Atlanta suburb contemplates going virtual

Decatur, Georgia, says it wants to help its residents, businesses, institutions, and visitors interact online. It's hard to see, though, why Virtual Decatur would be successful.

Dave Rosenberg Co-founder, MuleSource
Dave Rosenberg has more than 15 years of technology and marketing experience that spans from Bell Labs to startup IPOs to open-source and cloud software companies. He is CEO and founder of Nodeable, co-founder of MuleSoft, and managing director for Hardy Way. He is an adviser to DataStax, IT Database, and Puppet Labs.
Dave Rosenberg

The government of Decatur, Georgia, is thinking of creating a virtual world of the town in order to encourage "community networking, civic engagement, (and) economic development."

Similar to other social-networking tools, Virtual Decatur will provide an environment in which residents, businesses, institutions, and visitors can interact and connect around a common interest. However, it is it is imperative that the project go beyond the features of traditional virtual environments.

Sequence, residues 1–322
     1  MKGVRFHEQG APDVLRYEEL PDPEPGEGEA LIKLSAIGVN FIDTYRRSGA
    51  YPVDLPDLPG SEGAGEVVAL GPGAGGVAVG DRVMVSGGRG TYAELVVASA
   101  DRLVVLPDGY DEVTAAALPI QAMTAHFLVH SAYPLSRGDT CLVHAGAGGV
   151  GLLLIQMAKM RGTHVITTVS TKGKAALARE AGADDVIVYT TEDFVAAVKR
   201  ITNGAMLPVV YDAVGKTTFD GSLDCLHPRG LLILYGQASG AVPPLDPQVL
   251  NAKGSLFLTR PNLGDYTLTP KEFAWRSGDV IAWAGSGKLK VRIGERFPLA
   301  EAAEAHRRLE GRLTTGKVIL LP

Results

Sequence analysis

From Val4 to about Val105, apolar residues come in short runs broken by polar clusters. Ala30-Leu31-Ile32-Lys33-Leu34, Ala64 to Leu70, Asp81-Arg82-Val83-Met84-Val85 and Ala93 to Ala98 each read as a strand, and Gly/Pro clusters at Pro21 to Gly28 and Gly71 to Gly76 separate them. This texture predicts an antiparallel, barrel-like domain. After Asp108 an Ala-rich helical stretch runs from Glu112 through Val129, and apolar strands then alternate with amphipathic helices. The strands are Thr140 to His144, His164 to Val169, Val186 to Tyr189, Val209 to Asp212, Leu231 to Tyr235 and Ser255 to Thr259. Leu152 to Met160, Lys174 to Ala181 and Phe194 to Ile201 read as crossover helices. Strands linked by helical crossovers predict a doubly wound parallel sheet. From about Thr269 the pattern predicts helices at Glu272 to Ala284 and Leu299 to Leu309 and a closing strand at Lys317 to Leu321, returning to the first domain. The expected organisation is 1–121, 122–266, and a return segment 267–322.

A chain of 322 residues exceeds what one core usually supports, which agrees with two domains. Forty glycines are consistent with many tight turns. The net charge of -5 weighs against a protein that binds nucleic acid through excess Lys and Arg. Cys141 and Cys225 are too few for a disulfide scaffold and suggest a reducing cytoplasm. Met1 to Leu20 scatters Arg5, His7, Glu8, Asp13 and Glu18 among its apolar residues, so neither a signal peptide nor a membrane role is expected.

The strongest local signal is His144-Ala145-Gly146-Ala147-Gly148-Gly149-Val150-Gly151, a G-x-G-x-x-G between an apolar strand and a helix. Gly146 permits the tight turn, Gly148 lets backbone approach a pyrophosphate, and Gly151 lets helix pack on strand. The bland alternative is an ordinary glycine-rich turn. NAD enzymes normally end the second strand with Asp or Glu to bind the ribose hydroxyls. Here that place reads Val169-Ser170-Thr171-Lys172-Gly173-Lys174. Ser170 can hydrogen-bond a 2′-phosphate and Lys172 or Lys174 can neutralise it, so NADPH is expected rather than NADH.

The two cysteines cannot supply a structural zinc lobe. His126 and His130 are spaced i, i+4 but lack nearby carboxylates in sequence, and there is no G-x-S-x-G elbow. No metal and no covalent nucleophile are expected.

The overarching purpose of this project is to allow users to interact with the city in new and innovative ways that are not possible in the real world. It is envisioned that the real-world experience may be enhanced through participation in Virtual Decatur.

That all sounds well and good, but considering that major technology companies haven't seen much virtual-world success with the savviest of users, it's hard to see why Decatur would be more successful. And considering the inevitable porn of Second Life and even the new PlayStation home, I highly doubt that the residents of Decatur are prepared for the pleasures of the Internet.

I'll see you at Town Hall as I pay my virtual parking ticket.

Via GamePolitics.

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